College research strategies promoting Tanzanian products Markets

25Dec 2017
Beatrice Philemon
The Guardian
College research strategies promoting Tanzanian products Markets

RESEARCH on nutraceutical and functional foods that was conducted by the College of Agricultural Sciences and Fisheries Technology (CoAF) at the University of Dar es Salaam

has brought positive results after Tanzania has secured a niche market for different products that include moringa powder, moringa porridge flour and moringa aloe juice  that have markets  in Japan, Botswana and Kenya.

Moringa oleifera is a plant that has been praised for its health benefits for thousands of years.

It is very rich in healthy antioxidants and bioactive plant compounds.

So far, scientists have only investigated a fraction of the many reputed health benefits.

 Nutraceuticals and functional foods are defined dietary foods containing a bioactive that provides a health benefit beyond basic nutrition.

Lecturer from the College of Agricultural Sciences and Fisheries Technology (CoAF) at the University of Dar es Salaam, Dr Leonard Rweyemamu told ‘The Guardian’ that the research was conducted with the support from Norwegian Agency for Development Cooperation (NORAD) and Swedish International Development Cooperation (sida/SAREC).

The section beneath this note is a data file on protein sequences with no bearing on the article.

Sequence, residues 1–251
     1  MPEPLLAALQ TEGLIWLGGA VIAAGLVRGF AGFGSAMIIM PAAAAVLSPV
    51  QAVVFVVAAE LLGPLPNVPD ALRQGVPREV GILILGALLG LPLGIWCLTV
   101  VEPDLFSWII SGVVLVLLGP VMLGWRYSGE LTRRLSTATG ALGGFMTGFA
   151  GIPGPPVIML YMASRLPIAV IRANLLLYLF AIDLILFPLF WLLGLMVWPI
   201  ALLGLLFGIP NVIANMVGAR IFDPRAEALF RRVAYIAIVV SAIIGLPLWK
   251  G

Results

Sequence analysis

“After discovered that iron deficiency is considered the most common causes of anemia and Tanzania is spending billions of shillings to fight consequences of protein-energy malnutrition and micronutrient deficiencies to all of her citizens we decide to conduct a research on nutraceutical and functional Foods,” he said.

The main objective was to develop functional foods and beverages by using soyabean and moringa oleifera as inexpensive and sustainable sources of protein, vitamins and minerals for human health and provide concept formulations for new product development and existing product optimization.

Also to address health challenges affecting Tanzanians in- terms of reducing malnutrition that is very high and the risk of chronic diseases such as kidney, cancer, hypertension, malfunction, tumors, stroke and other chronic diseases.

So far the college has already made fortified food products that promote good health and introduced it to the people so that can reduce malnutrition and other chronic diseases.

Right now we have already made fortified products from moringa leaves and soyabean mix with maize and has huge market abroad because people are coming at our college to purchase the product,” he said.

 “Our Research and Development (R&D) activities were focused on using knowledge of the natural wholesomeness from fruit, vegetable and grain crops, and from the sea and bee, to create products that promote good human health,” he said.

While the recent research activities have been concentrated on the development of fortified food products by using maize,  moringa oleifera  leaves and soyabean (Glycine max L.) as cheap sources of micronutrients.